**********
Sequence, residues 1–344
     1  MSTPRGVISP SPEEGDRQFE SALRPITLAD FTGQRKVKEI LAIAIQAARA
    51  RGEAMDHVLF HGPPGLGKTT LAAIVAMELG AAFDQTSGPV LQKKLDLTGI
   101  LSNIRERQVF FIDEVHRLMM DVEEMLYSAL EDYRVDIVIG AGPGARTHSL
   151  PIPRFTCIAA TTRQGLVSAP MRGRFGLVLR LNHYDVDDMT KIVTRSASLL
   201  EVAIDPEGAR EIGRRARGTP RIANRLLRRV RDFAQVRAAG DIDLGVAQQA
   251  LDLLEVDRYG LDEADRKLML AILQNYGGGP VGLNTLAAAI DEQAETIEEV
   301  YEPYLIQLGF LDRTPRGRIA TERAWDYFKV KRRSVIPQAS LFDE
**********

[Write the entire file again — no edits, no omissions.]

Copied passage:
Sequence, residues 1–344
     1  MSTPRGVISP SPEEGDRQFE SALRPITLAD FTGQRKVKEI LAIAIQAARA
    51  RGEAMDHVLF HGPPGLGKTT LAAIVAMELG AAFDQTSGPV LQKKLDLTGI
   101  LSNIRERQVF FIDEVHRLMM DVEEMLYSAL EDYRVDIVIG AGPGARTHSL
   151  PIPRFTCIAA TTRQGLVSAP MRGRFGLVLR LNHYDVDDMT KIVTRSASLL
   201  EVAIDPEGAR EIGRRARGTP RIANRLLRRV RDFAQVRAAG DIDLGVAQQA
   251  LDLLEVDRYG LDEADRKLML AILQNYGGGP VGLNTLAAAI DEQAETIEEV
   301  YEPYLIQLGF LDRTPRGRIA TERAWDYFKV KRRSVIPQAS LFDE